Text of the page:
I’ve written before about the relationship between Confederate memorabilia and race terrorists. In “We Are Not Dylan Roof,” I defended Southern heritage as a product of regional pride, not racist hate. I did, however, ask this question: “Is there perhaps some unseen font of particularly vile racism that lurks somewhere in American society—somewhere where Dylann Roof was able to tap into it and feed his own demented hatred?” While I thought then that the answer to that question might very well be yes, never in my wildest dreams did I imagine it would be confirmed in such stark and blatant terms a mere two years later. In a weird way, maybe I owe President Trump a thank you for bringing this scum to light. They have helped me realize that even though a well-intentioned Southerner like myself can admire a statue of Robert E. Lee without harboring any resentment toward by brothers and sisters of color, this doesn’t mean we might not be better off without public memorials of past sins. And maybe I was a fool in the first place for believing that if I defended the display of monuments to men who fought to own slaves, I wasn’t throwing my lot in with a bunch of full-throated racists and bigots. Obviously I was always aware that a small, unsavory minority of the American Right consisted of this ilk, but I never thought I’d live to see a time where they were brought enough into the mainstream to be vocal and accepted as legitimate. Well, if that’s truly the case—if defending my old party and my heritage puts me in bed with open white supremacists—then I’m out.

Postscript: I know it probably seems downright vapid for me to act surprised that I’m being joined by racists in defending statues of Robert E. Lee, Stonewall Jackson, and Jefferson Davis, but I promise you I’m going for something more nuanced than that. In my view, even if Confederate statues were constructed by white supremacists one hundred or so years ago, a contemporary defense of Confederate statues would ideally come from a sense of regional pride and historical inclusion, not white supremacy. Perhaps I was na├»ve in thinking that most of my allies felt the same way. Maybe most of them do feel this way, but that’s irrelevant if they’re going to waste their time obfuscating about what happened in Charlottesville. 

Tuesday, July 11, 2017

CNN is Fake News

First of all, please let me explain. To anyone who has spoken to me about politics more than once (or, really, at all), my general loathing of the news media should be quite obvious. I imagine the majority of my posts on this blog would make that fact rather self-evident as well. Nevertheless, I should probably endeavor to offer some sort of justification if I’m going to do something as inflammatory as slapping CNN with the Trumpian epithet of “fake news.” And don’t fret, friends—I think I can do it without actually defending the President.

I’ll start off by making one thing perfectly clear: I unequivocally believe that it is unbecoming of the office of President of the United States to tweet personal attacks, unsubstantiated claims, or late-night rants in the manner preferred by our current commander-in-chief. From the nonsense of covfefe to the boorishness of his middle-school-level attacks on Morning Joe hosts Joe Scarborough and Mika Brzezinski, our President has put on a master class in how to debase himself and his office before the eyes of the internet (read: the world). But just because President Trump’s tweets are unprecedented and wholly unprofessional does not mean that they should automatically dominate our 24-hour news cycle. This is where the mainstream media and I apparently disagree.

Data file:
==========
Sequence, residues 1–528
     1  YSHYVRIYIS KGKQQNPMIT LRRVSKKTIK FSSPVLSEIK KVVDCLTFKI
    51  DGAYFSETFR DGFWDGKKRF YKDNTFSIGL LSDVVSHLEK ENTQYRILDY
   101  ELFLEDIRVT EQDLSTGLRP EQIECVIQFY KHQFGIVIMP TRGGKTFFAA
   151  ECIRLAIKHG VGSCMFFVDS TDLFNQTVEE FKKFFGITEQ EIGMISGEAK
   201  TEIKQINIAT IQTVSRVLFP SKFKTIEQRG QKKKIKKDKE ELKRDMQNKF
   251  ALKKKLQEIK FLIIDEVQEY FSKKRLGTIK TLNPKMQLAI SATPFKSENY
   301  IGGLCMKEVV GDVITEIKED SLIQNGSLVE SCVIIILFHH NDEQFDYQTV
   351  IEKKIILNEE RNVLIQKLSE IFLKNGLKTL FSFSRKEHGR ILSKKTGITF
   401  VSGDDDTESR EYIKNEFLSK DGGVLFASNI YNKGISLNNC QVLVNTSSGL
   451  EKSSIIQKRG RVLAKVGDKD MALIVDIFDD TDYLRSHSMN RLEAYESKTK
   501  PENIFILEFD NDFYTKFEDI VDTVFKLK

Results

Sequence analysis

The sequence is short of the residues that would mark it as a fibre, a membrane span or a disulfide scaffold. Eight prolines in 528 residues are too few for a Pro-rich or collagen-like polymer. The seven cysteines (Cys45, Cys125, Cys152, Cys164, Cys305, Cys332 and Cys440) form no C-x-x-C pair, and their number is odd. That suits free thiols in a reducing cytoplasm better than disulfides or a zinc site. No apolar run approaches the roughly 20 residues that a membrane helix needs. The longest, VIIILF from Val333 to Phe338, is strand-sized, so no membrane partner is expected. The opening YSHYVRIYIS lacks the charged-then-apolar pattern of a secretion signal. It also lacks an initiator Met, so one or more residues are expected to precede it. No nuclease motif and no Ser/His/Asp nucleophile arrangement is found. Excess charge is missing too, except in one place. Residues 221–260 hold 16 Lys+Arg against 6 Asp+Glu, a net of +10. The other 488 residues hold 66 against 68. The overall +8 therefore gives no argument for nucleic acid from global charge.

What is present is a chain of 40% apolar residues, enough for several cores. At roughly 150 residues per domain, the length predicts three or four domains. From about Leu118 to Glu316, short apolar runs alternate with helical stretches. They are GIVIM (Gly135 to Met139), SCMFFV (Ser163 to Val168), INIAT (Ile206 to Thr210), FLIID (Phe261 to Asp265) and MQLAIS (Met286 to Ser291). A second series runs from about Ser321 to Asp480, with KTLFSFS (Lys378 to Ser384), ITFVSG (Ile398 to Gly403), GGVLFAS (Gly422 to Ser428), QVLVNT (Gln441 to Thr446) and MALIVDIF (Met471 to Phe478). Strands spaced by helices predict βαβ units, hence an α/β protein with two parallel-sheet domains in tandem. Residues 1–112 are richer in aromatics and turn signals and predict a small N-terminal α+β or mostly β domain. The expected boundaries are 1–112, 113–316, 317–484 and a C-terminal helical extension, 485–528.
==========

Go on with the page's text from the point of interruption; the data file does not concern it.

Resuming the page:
Cable news in particular has made a veritable sport of breathlessly covering President Trump’s Twitter misadventures, with each major network vying to outdo the others in bumping more important storylines in favor of a roundtable discussion regarding POTUS’s most recent 140-character outburst. Never mind Senate Republicans’ ongoing efforts to complete a Congressional repeal of the Affordable Care Act or North Korea’s recent test of an ICBM theoretically capable of reaching Alaska. What really matters is keeping a daily list of everything he tweeted, retweeted, and didn’t tweet at all.  

The circus reached a fever pitch last week when President Trump tweeted a gif of an old Wrestlemania clip that showed him punching an individual whose face had been replaced with the CNN logo. Now, I must admit there are some newsworthy elements here—a President who not only has been on Wrestlemania but also decides to use that footage as ammunition in his ongoing feud with a major news network is certainly worth mentioning (and mind-bogglingly bizarre). The adult thing to do, though, is to point out the obvious fact that such behavior is beneath the POTUS and then move on to the real stories. But CNN, of course, would rather take the bait, stoop to Trump’s level, and keep the feud going strong. What does that entail? It entails things like ambushing a freshman Congressman from Virginia into discussing the merits of the tweet, the newsworthiness of tweets in general, and the adequacy of the condemnations of said tweet by Republican leaders in Congress before he is permitted to discuss anything of substance. Scott Taylor (R-VA), the Congressman in question, sits on the powerful Appropriations Subcommittees on Military Construction, Veterans Affairs, and Homeland Security, but really what he needs to be talking about is an animated gif. As Congressman Taylor himself points out, “You guys are getting played, man.”